Section 1. All persons born or naturalized in the United States, and
subject to the jurisdiction thereof, are citizens of the United States and of
the State wherein they reside.
The import of the Citizenship Clause was to protect the citizenship of former slaves, but the issued today is whether the Clause is applicable to children of aliens in the United States other than legal permanent residents; legal or illegal. The most significant controversy is the children of illegal aliens, but many legal non-immigrant aliens give birth here as well in a effort to obtain citizenship for their children.
The debate over the amendment specifically excluded Indians and the children of diplomats accredited to the United States. However, this was at a time when all immigration was legal. There was no such thing as an illegal alien. So, obviously, the proponents and authors of the Clause did not concern themselves with the issue of illegality.
During the original debate over the amendment Senator Jacob M. Howard of
Michigan—the author of the Citizenship Clause—described the clause as excluding
American Indians who maintain their tribal ties, and "persons born in the United
States who are foreigners, aliens, who belong to the families of ambassadors or
However, given the restriction on the children of diplomats, one could interpret that as also a restriction on any alien who was not a legal permanent resident, as legal non-immigrant or temporary visitors would be similar to diplomats as both are temporary visitors and not part of the American community and polity. And just as clearly aliens unlawfully present would be presumed to not be "subject to the jurisdiction of the United States" as well since they entered and remained outside the law. Their children could not presumably receive better treatment than that of the privilidge diplomats and their families.
However, to date, birth to any alien, other than a diplomat, legal or illegal, is recognized as conveying citizenship. Obviously this is a debatable point and not clear as it may meet the meaning of the words of the Clause, but certainly not the intent, as protecting former slaves was the intent.
But, unfortunately, much is made of the issue of anchor babies, and Grahamnesty is using it to his advantage. In reality birth here means little and the problem is not that big. There are much more illegal alien minors here than those born to illegal aliens. And since Grahamnesty wants to deal with this by a constitutional amendment, a process which is unlikely to succeed but Grahamnesty gets kudos for an anti-illegal alien position, while at the same time he is working openly to give amnesty to those same illegals who are giving birth. This is clearly designed to move attention away from his support for amnesty. An effort to fool the voters of his conservative State, boob bait for bubbas, Billyjeff Bentpecker's speciality.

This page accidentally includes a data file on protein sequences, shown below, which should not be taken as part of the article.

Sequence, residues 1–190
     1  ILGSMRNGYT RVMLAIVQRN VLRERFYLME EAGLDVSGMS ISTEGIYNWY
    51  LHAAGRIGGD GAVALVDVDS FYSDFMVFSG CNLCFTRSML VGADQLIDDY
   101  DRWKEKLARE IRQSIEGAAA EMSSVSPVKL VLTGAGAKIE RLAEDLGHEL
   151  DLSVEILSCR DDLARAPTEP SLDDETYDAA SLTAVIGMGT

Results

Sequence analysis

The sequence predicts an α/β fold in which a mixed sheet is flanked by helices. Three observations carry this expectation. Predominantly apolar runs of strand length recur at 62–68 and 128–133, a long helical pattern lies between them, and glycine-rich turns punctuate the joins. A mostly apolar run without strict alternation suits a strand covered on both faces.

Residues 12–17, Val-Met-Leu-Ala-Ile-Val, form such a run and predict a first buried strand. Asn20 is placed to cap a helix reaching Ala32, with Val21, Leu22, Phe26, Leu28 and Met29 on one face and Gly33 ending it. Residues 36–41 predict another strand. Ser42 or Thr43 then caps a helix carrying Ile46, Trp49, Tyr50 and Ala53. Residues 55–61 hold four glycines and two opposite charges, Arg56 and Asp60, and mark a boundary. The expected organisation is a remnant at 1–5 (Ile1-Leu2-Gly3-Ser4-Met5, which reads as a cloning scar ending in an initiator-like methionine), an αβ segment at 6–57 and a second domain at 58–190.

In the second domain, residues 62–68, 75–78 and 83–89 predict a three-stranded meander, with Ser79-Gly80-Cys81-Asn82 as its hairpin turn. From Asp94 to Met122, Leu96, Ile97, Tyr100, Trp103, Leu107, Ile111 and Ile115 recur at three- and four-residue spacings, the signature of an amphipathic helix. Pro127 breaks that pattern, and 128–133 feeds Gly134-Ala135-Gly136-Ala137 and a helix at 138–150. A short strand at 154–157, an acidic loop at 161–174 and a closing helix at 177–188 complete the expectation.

However, the best way to deal with anchor babies is not to try and take their citizenship away, but to firstly deal directly and firmly with their illegal alien parents. Anchor babies would not be an issue if the Federal government was deporting these illegals, who, by the way, overwhelmingly give birth funded by the Federal and State taxpayers either by direct Medicaid funding or indirectly through mandatory treatment by hospitals.
No effort is made to remove these aliens even though the Federal government is directly aware of their presence and has the information to find and remove them, but no effort is made to deport those aliens. Illegals also benefit from the policy of the Federal government to not deport illegal aliens if that deportation has an impact on a U.S. citizen spouse, child or parent. It is a get out of jail free card. Hence illegal aliens with US citizen children enjoy an ongoing unofficial and official amensty. End that amnesty and the problem is solved.
The second issue is that those children born to legal temporary visitors and illegal aliens eventually sponsor their parents, siblings, spouses and children. However they only do that because the law allows for it. That can be stopped by legislation. End the ability of US citizens to sponsor parents or siblings and most of the problem is solved.
End the benefits to illegal immigration and you will get less of it. Build a double or triple layer fence, make use of E-verify universal, arrest illegal aliens who use welfare programs, and the problem will be solved without having to fight over the issue of birth-right citizenship. It will be much easier than either fighting it out in the Anthony Kennedy Supreme Court where a loss is likely or getting a constitutional amendment out of a Congress with a Demoncrat majority, or from State houses where Demoncrats hold enough houses to stymie an amendment directly from the States. In fact, the agressive execution of the immigration laws of the U.S. will solve most of the problem. That needs only a President willing to do it or a Congress willing to order the President to fulfill his Oath of Office by legislation or threat of impeachment; both require alot less effort, especially if enabling legislation is placed in agency funding bills.